The Liberty Fire is one of the latest in Southern California — here's what you should know
Southern California has been battling a devastating series of wildfires since Monday, December 4th, and there doesn’t seem to be any signs of the fires stopping. On Thursday, December 7th, another new brush fire, the Liberty Fire, broke out in Murrieta, Riverside County.
The flames burned 300 acres in unincorporated Riverside County, which is southeast of Los Angeles, near Anaheim. Officials from the California Department of Forestry and Fire Protection said the fire destroyed at least one house. Windspeeds of 20-30 m.p.h. fueled the blaze, similar to the way winds fed the other fires throughout the state.
By the morning of December 8th, the fire was 60 percent contained: a higher percentage of containment than any other fire burning in the area right now. Evacuation orders were lifted at 8 p.m. on December 7th for parts of the county. And 50 people who had previously lost power had it restored as of 6 a.m. on December 8th.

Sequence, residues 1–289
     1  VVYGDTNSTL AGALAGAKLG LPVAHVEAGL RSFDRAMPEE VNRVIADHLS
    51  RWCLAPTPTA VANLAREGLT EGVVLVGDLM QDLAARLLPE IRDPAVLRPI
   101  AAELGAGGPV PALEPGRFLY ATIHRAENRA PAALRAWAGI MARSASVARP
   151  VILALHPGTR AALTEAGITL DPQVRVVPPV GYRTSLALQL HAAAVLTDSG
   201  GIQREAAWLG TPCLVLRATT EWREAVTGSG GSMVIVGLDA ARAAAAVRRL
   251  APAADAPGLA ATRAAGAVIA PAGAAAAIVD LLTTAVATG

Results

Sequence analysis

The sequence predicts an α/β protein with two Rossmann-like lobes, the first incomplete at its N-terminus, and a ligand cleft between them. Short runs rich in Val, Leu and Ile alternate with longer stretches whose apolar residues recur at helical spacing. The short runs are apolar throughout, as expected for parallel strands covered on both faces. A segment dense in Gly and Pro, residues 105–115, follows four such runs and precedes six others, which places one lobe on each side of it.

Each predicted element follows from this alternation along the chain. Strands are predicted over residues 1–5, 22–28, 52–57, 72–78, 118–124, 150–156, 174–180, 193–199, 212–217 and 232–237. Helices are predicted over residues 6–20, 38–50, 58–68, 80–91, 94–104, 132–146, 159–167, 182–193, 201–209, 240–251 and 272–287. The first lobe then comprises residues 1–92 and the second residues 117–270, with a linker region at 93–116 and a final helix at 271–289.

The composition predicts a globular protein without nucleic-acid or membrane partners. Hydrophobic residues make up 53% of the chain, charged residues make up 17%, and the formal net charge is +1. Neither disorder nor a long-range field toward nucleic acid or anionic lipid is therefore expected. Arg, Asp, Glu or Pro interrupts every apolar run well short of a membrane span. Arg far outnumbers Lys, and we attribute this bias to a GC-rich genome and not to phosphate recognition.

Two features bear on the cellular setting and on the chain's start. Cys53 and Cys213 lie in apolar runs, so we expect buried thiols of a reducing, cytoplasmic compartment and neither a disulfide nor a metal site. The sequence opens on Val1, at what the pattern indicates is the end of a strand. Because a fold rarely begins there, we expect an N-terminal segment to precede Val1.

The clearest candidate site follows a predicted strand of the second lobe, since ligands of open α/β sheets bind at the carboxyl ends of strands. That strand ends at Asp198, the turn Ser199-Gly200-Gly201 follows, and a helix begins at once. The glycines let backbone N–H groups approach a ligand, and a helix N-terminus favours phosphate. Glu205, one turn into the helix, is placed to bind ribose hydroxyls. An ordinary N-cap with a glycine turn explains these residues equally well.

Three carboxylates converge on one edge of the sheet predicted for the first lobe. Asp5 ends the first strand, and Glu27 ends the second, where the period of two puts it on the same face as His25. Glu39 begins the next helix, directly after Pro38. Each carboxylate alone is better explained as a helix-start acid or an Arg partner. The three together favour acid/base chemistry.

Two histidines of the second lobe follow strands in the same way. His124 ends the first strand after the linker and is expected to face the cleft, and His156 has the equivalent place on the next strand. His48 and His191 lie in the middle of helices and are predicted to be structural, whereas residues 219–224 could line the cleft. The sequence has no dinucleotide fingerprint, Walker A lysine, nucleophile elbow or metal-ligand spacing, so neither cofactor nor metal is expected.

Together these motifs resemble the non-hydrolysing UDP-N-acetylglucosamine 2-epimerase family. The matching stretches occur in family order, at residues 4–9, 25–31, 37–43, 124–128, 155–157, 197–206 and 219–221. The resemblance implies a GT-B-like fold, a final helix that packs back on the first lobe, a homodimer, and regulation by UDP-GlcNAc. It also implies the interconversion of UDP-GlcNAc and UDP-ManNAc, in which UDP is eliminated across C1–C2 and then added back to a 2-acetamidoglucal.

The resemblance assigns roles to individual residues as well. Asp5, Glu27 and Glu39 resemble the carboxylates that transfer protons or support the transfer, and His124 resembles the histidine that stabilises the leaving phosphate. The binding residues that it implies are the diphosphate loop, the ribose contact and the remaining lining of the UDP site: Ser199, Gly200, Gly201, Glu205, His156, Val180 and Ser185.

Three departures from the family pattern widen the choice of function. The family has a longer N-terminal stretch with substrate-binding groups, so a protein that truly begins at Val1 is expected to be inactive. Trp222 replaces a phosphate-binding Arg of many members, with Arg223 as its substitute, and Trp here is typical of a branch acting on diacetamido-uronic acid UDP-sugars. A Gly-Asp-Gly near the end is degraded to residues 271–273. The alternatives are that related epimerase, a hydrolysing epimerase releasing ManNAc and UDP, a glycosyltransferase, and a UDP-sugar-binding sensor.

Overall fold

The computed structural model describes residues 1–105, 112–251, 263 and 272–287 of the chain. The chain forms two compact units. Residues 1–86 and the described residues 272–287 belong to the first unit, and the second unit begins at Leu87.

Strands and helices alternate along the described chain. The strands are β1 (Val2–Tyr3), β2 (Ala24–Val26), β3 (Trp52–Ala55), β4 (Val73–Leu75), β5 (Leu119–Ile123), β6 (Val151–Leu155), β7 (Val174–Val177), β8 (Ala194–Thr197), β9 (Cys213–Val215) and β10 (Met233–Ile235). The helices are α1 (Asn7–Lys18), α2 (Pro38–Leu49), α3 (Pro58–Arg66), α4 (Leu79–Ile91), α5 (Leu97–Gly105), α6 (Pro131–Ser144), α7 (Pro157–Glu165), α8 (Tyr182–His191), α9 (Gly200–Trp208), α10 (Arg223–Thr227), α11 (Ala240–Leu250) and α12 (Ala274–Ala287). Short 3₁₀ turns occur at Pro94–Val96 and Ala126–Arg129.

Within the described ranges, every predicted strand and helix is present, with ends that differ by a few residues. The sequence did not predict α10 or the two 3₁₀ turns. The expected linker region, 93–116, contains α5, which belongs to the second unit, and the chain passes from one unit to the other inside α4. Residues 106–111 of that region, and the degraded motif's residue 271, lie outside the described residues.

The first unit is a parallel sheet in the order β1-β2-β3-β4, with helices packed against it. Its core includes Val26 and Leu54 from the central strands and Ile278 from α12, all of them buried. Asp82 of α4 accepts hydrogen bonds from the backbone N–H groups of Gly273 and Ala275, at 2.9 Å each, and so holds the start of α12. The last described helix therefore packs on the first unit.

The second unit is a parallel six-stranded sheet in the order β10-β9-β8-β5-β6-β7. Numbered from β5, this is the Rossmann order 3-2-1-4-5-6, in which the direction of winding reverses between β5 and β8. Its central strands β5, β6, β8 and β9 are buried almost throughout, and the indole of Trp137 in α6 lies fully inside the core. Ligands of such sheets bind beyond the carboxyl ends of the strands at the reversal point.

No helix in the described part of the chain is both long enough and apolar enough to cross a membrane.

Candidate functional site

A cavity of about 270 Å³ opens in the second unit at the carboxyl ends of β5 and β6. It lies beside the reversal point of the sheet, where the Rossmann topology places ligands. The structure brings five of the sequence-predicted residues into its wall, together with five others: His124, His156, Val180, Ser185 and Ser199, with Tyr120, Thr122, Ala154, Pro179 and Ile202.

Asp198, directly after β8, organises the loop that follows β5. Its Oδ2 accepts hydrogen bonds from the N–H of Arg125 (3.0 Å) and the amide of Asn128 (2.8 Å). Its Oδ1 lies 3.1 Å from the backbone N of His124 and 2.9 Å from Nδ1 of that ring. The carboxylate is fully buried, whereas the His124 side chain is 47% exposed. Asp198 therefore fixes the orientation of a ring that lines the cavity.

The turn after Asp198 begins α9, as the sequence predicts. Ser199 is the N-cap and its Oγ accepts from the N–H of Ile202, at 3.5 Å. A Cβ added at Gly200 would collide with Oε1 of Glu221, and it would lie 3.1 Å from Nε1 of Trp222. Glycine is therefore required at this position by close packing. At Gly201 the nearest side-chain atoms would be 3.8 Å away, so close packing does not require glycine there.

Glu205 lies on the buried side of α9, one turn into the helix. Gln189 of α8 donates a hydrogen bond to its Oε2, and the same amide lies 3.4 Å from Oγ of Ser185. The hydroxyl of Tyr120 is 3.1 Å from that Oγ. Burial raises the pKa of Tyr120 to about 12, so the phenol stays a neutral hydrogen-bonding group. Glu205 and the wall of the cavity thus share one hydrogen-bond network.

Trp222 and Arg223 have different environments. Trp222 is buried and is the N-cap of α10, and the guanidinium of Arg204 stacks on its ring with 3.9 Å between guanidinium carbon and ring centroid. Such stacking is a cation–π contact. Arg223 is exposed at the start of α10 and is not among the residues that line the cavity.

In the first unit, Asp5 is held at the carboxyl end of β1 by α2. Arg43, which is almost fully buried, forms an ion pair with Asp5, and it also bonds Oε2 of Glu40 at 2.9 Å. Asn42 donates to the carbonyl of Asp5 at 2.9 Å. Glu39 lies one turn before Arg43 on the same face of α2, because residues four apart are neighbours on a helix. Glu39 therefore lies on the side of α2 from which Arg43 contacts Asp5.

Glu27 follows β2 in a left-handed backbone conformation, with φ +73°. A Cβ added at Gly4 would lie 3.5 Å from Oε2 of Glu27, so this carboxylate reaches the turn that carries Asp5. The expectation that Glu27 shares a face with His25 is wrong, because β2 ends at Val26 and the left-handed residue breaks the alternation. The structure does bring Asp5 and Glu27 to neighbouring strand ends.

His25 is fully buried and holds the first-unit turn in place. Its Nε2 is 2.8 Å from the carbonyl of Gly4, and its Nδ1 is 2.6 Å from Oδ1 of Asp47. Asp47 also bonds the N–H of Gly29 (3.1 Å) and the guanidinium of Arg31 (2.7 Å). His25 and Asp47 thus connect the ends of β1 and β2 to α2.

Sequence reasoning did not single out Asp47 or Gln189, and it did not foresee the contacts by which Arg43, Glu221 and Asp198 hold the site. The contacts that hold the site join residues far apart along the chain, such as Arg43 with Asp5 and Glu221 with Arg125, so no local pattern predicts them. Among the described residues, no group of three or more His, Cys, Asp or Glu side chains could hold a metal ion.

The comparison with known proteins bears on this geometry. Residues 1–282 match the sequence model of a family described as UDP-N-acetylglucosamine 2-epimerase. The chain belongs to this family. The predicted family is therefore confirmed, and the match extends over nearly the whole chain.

Schools in the Temecula Valley Unified School District were canceled on December 8th due to low air quality and anticipated transportation difficulties.
The Liberty Fire brings the total number of wildfires in Southern California to six. They range from Santa Barbara County in the north to San Diego County in the south.
President Donald Trump declared a state of emergency in California on December 8th at the request of Governor Jerry Brown. This enables FEMA to aid in fighting the blazes. Brown wrote in his request to Trump that the state doesn’t have the resources to manage the growing fires.
The magnitude of the fires engulfing California and the number of people forced to evacuate is shocking. We hope that with the requested federal aid, these wildfires will be under control soon.